Airbrushing Fine Lines
One of the most common questions I have heard sinse I stated helping people learn to use their airbrush is “which airbrush with what size nozzle, needle is best for rendering detail, fine lines”.
One of most common problems I hear about from those just starting out is “this airbrush just won’t do fine lines, detail work”
With the many different airbrush’s, needle, nozzle sizes available on the market these days, its easy to understand the confusion surrounding rending fine lines, detail.
Unfortunately there is not magical trick I can show you to make your journey easier or shorten the length of time it takes to learn the skills necessary to render fine lines, detail.
I would like to encourage you to not get frustrated during your journey, I taught myself how to airbrush which means you certainly can.
“Well how long will I have to practice before I can accomplish rendering (painting) fine lines, detail art work?”
That I know was your next question, right?
Again there is no magical trick I can show you, no pat answer to this question. The best answer I have is if you apply yourself to mastering the basic lessons on this web site, you will be looking back sooner than later smiling, knowing at one time not so long ago you thought you never would master fine lines or detail with your airbrush.
The length of time it will take is directly related to how you approach learning the basic lessons, apply yourself, practice everyday and in no time you will have mastered it.
Below are four example sheets I did using four different airbrushes to drive home a point I believe will help you master rendering fine lines, detail with your airbrush.
Each of the airbrushes had different size needles, nozzles most were gravity feed, one was a bottom or siphon feed but as you can see by the size of the lines I was able to create, they are very similar in size (they were thin).To give you some prospective I drew some loops with a pencil on each sheet to help you realize the size of the airbrushed lines.The airbrushes I used just happened to be the ones connected to my compressor at the time I did these examples. They could have very well been a Paasche VL or Badger 150 instead; my goal was to use four different airbrushes the model, brand was just what I had on hand at the time no more than that.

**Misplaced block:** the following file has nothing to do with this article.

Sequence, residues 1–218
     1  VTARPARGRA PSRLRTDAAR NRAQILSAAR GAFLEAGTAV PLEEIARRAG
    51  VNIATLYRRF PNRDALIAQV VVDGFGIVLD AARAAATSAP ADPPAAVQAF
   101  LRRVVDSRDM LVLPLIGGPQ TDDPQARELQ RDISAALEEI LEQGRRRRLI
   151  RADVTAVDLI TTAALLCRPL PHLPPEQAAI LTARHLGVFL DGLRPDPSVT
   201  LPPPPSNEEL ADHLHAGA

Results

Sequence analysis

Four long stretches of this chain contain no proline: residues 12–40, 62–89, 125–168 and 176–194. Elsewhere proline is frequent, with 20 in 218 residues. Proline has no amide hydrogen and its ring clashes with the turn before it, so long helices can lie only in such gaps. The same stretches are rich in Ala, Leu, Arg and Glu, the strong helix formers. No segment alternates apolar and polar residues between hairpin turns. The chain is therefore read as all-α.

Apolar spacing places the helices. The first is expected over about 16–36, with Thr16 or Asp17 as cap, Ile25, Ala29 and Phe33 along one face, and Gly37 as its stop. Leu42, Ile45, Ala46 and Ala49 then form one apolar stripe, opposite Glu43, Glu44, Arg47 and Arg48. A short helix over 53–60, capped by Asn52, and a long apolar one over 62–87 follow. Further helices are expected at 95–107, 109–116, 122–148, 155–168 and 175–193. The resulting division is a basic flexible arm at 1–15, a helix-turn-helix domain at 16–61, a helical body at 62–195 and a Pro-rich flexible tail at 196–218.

The same paint straight out of the bottle was used in all four airbrushes, Golden Carbon Black.
The four airbrushes I used were:
Iwata BCS Eclipse – 0.5 mm needle, nozzle combination
Iwata HP-CS – .35mm needle, nozzle combination
Iwata Micron B – .18 mm nozzle, needle combination
Sata 3 – 0.25 nozzle, needle combination
See if you can guess which set of loops was created using which airbrush. Did the needle and nozzle size determined my ability to keep all the sets of loops similar in size, thin lines? I don’t believe it did, do you?
As you can see it’s very hard to say which size needle, nozzle created which set of loops.
These examples illustrate the point it’s not the airbrush brand, model, needle size or nozzle size that makes rendering fine lines, detail possible. What makes rendering fine lines, detail possible is mastering the basic’s it’s that simple. If I can do it you surely can.
Below are the answers to which airbrush created which set of loops. Click on the images to see a bigger view.